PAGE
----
A push for mega-regional policies among the Great Lakes states is beginning to take shape, the Brookings Institution leading the way:
"We could afford to go our own way in the past because we had the wealth and the jobs and the muscle," says Ed Wolking, executive vice president of the Detroit Regional Chamber.
But those days are gone.
That's why the Detroit chamber offered up an idea last year to the Brookings Institution think tank, which had issued a report in late 2006 called "The Vital Center," on economic challenges facing the Great Lakes region.
What if we brought business leaders from around the Midwest together, the chamber suggested, for a meeting to discuss promising avenues for collaboration among states? And maybe we could also agree on a few key policy needs that we can hammer home to 2008 U.S. presidential candidates and anyone else seeking votes and campaign money from our region.
I've been following this story since the release of the Brookings report and I can't say that the initiative is receiving much attention in Pittsburgh. In fact, I haven't seen much press about it outside of Michigan. The grassroots efforts of GLUE look to be more promising. But I shouldn't be too cynical about what I perceive to be urban industrial politics as usual. Some fresh voices are coming to the fore and there are a few new leaders.
What still surprises me is the lack of an accurate appraisal of the state of the Rust Belt union. Hyperbole seems to be the default rhetoric. Meanwhile, the economic outlook is a bit more rosy if you are located in Toronto:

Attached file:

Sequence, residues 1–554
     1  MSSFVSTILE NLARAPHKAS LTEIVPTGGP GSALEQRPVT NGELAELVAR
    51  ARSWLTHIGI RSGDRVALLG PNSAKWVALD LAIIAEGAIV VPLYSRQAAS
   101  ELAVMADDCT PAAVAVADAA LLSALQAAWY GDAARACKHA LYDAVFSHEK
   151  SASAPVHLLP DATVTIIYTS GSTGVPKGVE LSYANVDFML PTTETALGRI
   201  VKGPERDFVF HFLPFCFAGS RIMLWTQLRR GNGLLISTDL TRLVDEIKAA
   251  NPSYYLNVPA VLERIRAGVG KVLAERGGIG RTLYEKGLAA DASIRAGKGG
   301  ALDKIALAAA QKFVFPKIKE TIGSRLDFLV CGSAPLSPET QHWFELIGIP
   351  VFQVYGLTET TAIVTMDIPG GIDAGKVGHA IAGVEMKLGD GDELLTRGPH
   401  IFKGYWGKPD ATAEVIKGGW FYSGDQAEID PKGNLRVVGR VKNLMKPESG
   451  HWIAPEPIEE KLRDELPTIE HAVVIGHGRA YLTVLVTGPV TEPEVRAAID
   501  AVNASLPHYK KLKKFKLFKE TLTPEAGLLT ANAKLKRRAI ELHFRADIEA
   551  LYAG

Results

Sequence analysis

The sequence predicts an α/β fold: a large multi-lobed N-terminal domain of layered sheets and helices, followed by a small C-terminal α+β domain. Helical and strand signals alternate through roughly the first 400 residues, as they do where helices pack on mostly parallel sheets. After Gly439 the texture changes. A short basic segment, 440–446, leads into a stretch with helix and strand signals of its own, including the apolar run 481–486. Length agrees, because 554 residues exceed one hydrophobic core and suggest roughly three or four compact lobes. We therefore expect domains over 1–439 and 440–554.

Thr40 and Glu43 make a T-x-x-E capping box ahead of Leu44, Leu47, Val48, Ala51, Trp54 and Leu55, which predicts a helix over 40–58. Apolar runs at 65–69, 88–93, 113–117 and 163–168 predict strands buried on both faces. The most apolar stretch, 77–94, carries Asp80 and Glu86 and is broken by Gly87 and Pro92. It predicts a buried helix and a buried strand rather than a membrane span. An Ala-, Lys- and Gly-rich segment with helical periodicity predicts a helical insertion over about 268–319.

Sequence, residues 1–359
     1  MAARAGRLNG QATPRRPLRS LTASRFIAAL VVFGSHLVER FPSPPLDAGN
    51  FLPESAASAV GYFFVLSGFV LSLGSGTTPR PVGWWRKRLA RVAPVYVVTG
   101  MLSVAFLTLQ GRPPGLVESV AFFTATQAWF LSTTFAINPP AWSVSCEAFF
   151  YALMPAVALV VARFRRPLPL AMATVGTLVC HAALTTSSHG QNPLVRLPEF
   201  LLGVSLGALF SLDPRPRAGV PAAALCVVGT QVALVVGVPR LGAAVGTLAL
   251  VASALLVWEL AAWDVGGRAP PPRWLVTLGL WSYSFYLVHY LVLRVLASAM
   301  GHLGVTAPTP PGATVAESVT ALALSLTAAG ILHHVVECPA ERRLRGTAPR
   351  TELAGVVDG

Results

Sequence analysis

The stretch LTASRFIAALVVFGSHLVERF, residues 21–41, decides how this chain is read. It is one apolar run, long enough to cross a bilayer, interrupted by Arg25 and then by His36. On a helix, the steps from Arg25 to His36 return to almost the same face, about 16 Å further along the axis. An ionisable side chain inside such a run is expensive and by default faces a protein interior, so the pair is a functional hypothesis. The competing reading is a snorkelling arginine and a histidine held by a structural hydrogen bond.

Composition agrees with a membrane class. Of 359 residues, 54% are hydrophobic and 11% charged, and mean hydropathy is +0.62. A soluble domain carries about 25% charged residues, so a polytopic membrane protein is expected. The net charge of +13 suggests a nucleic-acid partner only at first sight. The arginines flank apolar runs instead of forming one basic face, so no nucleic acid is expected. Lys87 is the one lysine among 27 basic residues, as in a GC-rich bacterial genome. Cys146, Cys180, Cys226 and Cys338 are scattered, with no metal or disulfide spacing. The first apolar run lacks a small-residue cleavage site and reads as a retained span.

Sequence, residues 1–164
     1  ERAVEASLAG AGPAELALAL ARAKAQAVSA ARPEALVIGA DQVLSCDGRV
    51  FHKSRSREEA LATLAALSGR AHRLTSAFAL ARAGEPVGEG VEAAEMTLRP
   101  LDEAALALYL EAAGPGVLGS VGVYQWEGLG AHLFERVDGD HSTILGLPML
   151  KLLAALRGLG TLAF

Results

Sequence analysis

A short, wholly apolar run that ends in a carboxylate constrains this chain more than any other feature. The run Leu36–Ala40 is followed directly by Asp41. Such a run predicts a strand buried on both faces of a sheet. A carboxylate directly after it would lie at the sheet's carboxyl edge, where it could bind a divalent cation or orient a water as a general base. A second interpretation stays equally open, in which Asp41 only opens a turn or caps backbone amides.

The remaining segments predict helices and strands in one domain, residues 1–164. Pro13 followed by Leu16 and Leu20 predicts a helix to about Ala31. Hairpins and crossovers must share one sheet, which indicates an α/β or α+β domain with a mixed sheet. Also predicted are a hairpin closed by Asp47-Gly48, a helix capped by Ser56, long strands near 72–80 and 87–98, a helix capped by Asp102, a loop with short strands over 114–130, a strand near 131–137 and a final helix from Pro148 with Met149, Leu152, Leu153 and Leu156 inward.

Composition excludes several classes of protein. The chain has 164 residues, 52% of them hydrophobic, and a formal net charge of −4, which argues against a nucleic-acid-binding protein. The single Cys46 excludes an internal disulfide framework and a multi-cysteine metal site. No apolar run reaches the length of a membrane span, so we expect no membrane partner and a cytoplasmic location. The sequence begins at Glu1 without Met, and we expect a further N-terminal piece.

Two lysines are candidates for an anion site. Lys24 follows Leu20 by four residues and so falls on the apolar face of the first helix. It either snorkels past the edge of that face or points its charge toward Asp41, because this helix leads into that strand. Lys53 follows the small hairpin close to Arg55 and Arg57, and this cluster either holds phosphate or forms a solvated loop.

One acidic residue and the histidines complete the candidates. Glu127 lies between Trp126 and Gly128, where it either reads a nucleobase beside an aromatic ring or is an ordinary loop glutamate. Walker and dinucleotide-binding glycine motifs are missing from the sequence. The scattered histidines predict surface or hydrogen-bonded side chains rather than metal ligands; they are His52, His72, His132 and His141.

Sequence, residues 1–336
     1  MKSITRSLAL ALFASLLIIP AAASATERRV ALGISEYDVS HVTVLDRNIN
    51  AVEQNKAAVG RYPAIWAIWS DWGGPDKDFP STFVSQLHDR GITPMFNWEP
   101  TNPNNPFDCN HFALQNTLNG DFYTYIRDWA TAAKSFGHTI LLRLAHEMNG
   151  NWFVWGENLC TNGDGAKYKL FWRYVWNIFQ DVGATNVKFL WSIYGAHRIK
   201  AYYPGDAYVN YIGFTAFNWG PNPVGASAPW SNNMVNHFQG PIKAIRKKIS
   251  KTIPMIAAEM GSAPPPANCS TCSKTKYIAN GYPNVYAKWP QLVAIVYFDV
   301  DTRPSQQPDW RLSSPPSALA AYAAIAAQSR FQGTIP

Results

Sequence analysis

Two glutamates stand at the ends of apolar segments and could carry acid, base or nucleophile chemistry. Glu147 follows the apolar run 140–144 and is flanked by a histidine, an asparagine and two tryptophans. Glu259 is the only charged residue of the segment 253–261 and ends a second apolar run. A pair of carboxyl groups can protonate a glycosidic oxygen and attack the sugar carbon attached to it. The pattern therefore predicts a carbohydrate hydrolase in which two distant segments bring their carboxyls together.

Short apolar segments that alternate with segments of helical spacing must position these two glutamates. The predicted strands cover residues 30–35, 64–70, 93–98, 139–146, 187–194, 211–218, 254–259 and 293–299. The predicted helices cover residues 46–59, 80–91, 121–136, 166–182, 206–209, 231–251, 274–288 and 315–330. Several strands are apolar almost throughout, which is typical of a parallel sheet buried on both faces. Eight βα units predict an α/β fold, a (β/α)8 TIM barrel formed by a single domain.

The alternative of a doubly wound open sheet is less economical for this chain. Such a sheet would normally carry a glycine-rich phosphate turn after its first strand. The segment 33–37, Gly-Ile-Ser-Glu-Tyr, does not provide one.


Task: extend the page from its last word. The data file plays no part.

Kennametal, headquartered in Latrobe, Pa., is a classic example of what's happened to U.S. manufacturing more generally over the past two decades. It's producing a lot more with fewer workers. Since 2002, Kennametal's global sales have soared more than 70 per cent. And yet its work force has grown a meagre 16 per cent.
In the past five years alone, the state of Ohio has lost 185,000 manufacturing jobs - most of those in the state's traditional industries of rubber, plastics, electrical equipment, fabricated metal, autos and steel.
And yet, Ohio's manufacturing output is 6-per-cent higher than it was in 1992. Since 2002, exports of manufactured goods have grown at a rate of nearly 10 per cent a year.
Business is booming, but job creation still lags. This isn't your daddy's industrial labor market and Kennametal is doing much more with less employees. But globalization remains the convenient scapegoat. Thus, I'm skeptical that the Great Lakes mega-region will get its policy priorities in the right order. The temptation to blame someone or something else is too strong and too easy.